Massage Business 101: The Simple Yet Important Equation of How To Set Price.
I remember when I when I was thinking about entering the work force as a massage therapist, I thought if I could charge $75 an hour my life would be great. I started at a Chiropractic office & was getting paid around $12 an hour working 36 hrs a week for the better part of 9 months. It was a far cry from $75, but hey I was working. It took me about 8 years before I reached my “golden ticket” of $75 & let me tell you life wasn’t so grand.
It took me quite a while to build up both my confidence & a clientele base that would pay me $75 an hour. There were many lessons learned along the way. If I could grab Doc Brown & jump in the Delorean here is what I would tell myself about setting my price.
Setting the price for services should be the equation of expenses + location + experience
While this is a seemingly simple equation, it is actually pretty tricky. In each part of the equation many massage therapists either over look or let pass by.
If I was to give a piece of advice to my younger self & all MTs, it would be to hire both a CPA & a finacial finacial planner. Their job is to help us manage, protect & build our practice.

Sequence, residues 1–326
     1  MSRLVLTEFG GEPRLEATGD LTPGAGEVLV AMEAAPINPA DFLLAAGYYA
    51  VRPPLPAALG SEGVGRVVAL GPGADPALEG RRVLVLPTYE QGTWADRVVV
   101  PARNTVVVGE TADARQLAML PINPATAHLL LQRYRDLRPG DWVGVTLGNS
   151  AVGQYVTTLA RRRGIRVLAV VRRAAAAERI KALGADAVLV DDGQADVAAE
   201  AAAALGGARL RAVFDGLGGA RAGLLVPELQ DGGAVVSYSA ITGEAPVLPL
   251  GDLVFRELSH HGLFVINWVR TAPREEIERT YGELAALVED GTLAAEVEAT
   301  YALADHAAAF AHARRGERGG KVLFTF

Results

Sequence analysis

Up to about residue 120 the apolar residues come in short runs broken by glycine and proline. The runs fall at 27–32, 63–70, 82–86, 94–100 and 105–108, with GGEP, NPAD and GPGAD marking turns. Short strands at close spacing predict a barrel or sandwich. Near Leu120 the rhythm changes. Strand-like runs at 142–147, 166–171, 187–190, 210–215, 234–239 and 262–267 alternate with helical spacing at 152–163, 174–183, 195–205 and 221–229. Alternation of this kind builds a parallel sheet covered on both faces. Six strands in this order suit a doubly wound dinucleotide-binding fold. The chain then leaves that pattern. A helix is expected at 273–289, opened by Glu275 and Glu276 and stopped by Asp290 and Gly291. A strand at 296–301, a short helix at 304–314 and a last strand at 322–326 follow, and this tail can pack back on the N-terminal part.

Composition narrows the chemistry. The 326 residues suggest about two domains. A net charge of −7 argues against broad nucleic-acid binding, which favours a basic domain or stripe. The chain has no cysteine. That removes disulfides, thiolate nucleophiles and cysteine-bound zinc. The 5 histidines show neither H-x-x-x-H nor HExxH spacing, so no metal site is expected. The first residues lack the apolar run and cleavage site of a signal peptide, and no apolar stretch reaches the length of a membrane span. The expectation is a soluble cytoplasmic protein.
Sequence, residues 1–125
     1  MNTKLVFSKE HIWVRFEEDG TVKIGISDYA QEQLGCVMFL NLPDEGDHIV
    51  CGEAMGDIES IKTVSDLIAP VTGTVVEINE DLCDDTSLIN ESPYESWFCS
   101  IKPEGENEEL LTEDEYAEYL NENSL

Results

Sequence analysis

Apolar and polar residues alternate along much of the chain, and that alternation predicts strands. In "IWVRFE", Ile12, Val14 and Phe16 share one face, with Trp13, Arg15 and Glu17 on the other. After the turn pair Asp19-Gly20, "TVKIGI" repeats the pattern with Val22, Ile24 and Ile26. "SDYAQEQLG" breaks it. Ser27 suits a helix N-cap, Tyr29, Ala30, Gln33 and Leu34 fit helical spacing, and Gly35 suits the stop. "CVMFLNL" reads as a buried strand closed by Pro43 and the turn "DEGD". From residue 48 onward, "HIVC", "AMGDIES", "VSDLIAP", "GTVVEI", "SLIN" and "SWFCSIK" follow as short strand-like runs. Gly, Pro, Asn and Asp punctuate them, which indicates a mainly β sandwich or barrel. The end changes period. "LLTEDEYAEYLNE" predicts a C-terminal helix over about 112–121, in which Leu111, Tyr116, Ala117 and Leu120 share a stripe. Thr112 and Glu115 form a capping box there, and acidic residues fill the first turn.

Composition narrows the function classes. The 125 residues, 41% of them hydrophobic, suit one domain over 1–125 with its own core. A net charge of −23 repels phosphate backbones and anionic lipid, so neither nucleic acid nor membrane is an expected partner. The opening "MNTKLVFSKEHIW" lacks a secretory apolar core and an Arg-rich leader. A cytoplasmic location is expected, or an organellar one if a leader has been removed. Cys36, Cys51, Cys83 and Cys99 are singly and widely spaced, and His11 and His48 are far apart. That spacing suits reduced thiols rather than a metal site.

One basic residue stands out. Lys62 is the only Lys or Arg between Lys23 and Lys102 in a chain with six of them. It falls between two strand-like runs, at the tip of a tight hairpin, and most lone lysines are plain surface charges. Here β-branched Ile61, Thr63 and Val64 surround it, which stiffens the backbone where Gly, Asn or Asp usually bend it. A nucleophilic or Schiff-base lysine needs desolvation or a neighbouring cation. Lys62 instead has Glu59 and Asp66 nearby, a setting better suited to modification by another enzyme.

Again I’m writing this to my younger self; I know he didn’t hire a CPA & I know many of you reading this won’t either. Here is a breakdown of the equation & why each part is important.
Expenses: There are some obvious things here like rent, liability insurance, taxes, & health care, but so often things like a CPA, retirement, continuing education are overlooked. For a larger list of expenses check out this post on cost & expenses.
Location: Is your market a viable location for your practice? Is there enough disposable income to support it? Do you live in a dense enough population where being 1 of 10, 20 or 50 MTs in a 20 mile radius doesn’t matter? I dig into this topic deeper in this post on How To Choose A Location.
Experience: In most other fields advanced or journeyman practitioners are paid more than beginners. In our profession often times this doesn’t seem to be the case. I can tell you my work is 100x better after 16 years in the field than it was when I started. I have experience that can only be learned. The longer you are in practice the higher your fee for sessions should be.
Don’t set your prices at the industry standard/arbitrary number. Set them based on an understanding of what it will take to build & sustain your career. This could save you your practice & many sleepless nights.
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Practice Makes Improvement :)
Shawn Kitzman has been practicing Movement Therapies since 1992. He began his Massage Practice in 2000 and is currently working on a book focused on helping Massage Therapists get out of their rut and put the Passion back into their practice. When he is not spending time with his family, getting thrown in Jiu Jitsu, providing solutions for injured athletes in his practice he can be reached at firstname.lastname@example.org